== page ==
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Center on Human Development and Disability
Overview of the University Center for Excellence in Developmental
| Programs | Core Functions
|Detailed Information on UCEDD
The Center on Human Development and Disability (CHDD) is one of the nation's largest and most comprehensive interdisciplinary service, research, and training centers focusing on children and adults at risk for or who have established developmental disabilities. Each year, more than 600 University of Washington faculty and staff members as well as numerous doctoral and postdoctoral students make important contributions to the lives of people with developmental disabilities and their families. This is accomplished through a comprehensive array of research, clinical services, training, community outreach, and dissemination activities. In this context, we create an integrated, interdisciplinary program involving the following academic disciplines: audiology, architecture, dentistry, developmental pediatrics, epidemiology, genetic counseling, law, medical genetics, neurology, nursing, nutrition, occupational therapy, physical therapy, psychiatry, public health, psychology, social work, speech-language pathology, and special education.
The University Center for Excellence in Developmental Disabilities (UCEDD) is a part of the Center on Human Development and Disability and has been in existence since 1963. Our UCEDD is organized within 8 administrative programs.
Each of the 8 programs has identified priorities in recognition of community needs and carries out a number of projects to meet the program’s goals and objectives within the framework of the broader UCEDD agenda.
These are: (1) Adults and Elders,
(2) Autism Center, (3) Barnard Center for Infant Mental Health and Development
(4) Center for Technology and Disability Studies, (5) Clinical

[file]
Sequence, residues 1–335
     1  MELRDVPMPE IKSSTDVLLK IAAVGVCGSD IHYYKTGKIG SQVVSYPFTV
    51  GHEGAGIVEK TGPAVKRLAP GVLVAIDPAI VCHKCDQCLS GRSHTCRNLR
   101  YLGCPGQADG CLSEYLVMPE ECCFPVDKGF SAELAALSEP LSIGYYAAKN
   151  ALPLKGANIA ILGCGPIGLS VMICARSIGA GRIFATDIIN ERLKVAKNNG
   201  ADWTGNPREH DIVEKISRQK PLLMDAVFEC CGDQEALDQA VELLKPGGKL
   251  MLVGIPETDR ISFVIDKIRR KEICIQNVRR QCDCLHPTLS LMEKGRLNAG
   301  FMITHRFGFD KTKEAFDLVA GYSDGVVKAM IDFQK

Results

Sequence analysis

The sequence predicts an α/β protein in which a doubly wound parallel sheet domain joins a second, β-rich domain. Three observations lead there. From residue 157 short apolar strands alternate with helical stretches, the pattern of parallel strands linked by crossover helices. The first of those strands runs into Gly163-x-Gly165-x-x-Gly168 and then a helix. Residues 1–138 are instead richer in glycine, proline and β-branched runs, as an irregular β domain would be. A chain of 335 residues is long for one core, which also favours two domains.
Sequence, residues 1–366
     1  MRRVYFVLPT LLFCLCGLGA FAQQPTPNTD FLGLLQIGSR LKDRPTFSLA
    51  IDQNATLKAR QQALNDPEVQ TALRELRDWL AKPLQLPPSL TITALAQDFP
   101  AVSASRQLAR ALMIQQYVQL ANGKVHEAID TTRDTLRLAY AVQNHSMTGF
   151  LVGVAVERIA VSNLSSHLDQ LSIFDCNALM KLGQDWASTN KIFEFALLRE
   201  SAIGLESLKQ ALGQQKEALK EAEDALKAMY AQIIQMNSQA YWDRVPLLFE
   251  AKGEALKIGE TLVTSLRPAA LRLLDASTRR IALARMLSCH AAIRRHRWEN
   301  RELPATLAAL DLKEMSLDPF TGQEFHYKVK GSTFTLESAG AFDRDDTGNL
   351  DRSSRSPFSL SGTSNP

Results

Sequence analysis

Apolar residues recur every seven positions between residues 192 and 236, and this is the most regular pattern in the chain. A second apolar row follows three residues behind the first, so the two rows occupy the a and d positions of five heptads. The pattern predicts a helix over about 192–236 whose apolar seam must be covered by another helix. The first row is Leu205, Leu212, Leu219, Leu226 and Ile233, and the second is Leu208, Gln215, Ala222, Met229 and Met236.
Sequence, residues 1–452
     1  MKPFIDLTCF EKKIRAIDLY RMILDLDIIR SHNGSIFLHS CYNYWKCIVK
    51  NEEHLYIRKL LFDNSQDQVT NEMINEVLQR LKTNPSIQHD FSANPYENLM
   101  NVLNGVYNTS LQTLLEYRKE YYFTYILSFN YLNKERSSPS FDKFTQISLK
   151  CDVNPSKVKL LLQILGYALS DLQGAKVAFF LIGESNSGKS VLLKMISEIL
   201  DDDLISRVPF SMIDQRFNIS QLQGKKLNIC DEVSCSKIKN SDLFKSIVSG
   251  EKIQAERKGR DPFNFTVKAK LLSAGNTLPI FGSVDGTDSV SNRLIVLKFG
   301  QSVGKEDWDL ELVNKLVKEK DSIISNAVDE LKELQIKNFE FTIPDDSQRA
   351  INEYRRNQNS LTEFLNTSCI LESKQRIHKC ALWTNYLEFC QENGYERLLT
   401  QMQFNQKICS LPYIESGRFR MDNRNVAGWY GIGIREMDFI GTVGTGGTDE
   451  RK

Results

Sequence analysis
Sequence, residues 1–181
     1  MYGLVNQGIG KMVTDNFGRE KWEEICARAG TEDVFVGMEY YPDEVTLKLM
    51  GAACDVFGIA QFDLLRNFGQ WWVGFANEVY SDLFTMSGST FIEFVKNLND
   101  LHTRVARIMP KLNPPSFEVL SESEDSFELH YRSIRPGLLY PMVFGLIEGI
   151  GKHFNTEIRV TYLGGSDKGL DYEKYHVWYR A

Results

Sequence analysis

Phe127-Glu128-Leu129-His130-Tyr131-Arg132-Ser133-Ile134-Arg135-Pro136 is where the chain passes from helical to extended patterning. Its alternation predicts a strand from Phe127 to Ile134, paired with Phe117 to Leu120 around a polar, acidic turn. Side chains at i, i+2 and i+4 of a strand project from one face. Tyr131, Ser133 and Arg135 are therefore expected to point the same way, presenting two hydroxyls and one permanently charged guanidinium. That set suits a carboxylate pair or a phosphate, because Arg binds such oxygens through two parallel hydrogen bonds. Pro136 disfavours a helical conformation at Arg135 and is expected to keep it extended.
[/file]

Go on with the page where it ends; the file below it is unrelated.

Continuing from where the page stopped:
Training Unit (6) Community Disability Policy Initiative, (7)
Haring Center (EEU), and (8) Genetics Program. Each program
focuses on goals, objectives, and activities specifically relevant
to its priorities established in recognition of community needs.
However, there is considerable integration among the 8 programs
thereby creating a unified UCEDD.
Each of the 8 programs is responsible
for carrying out a number of projects to meet its goals and objectives.
These projects are listed under each program.
Core functions include: (1) Professional Training (2) Technical Assistance and Outreach Training (3) Clinical Services (CHDD clinics, community-based clinics), (4) Research and Evaluation and (5) Information Development and Dissemination. Each project can have multiple core functions although most tend to have only one. These core functions are consistent with the Administration on Intellectural and Developmental Disabilities organizational framework (our core federal funding agency for the UCEDD).
Descriptions of these five core functions follow:
Professional Training: Providing interdisciplinary clinical and didactic training to students (primarily graduate and post-graduate) enrolled in an academic program at the UW and other academic institutions. Training experiences prepare students to provide interdisciplinary and comprehensive services and supports to individuals with developmental disabilities in the community, and often serve to meet the requirements for their degree program.
Technical Assistance and Outreach Training: Technical assistance is direct problemsolving services provided by UCEDD faculty and staff to assist individuals, programs, and agencies in improving their services, management, and/or policies. Outreach training is increasing awareness and building capacity of paraprofessionals and professionals through training opportunities (e.g., workshops, continuing education programs) so they are better able to serve individuals with developmental disabilities in the community.
Clinical Services: Includes a variety of clinical services provided to individuals with disabilities or those at risk for disabilities and their families.
CHDD Clinics: CHDD operates a range of on-site clinical service programs that serve individuals, primarily children, with or at risk for developmental, learning, and behavioral problems.
Community-Based Clinics: UCEDD faculty and staff extend their clinical services by serving clients at community-based clinics and programs.
Research and Evaluation: Includes applied research and evaluation, as well as the analysis of public policy in areas relevant to the field of developmental disabilities.
Information Development and Dissemination: Involves the development or organization, and then dissemination of information including professional publications and products for increasing public awareness, building capacity, and expanding research and practice knowledge within the field of developmental disabilities.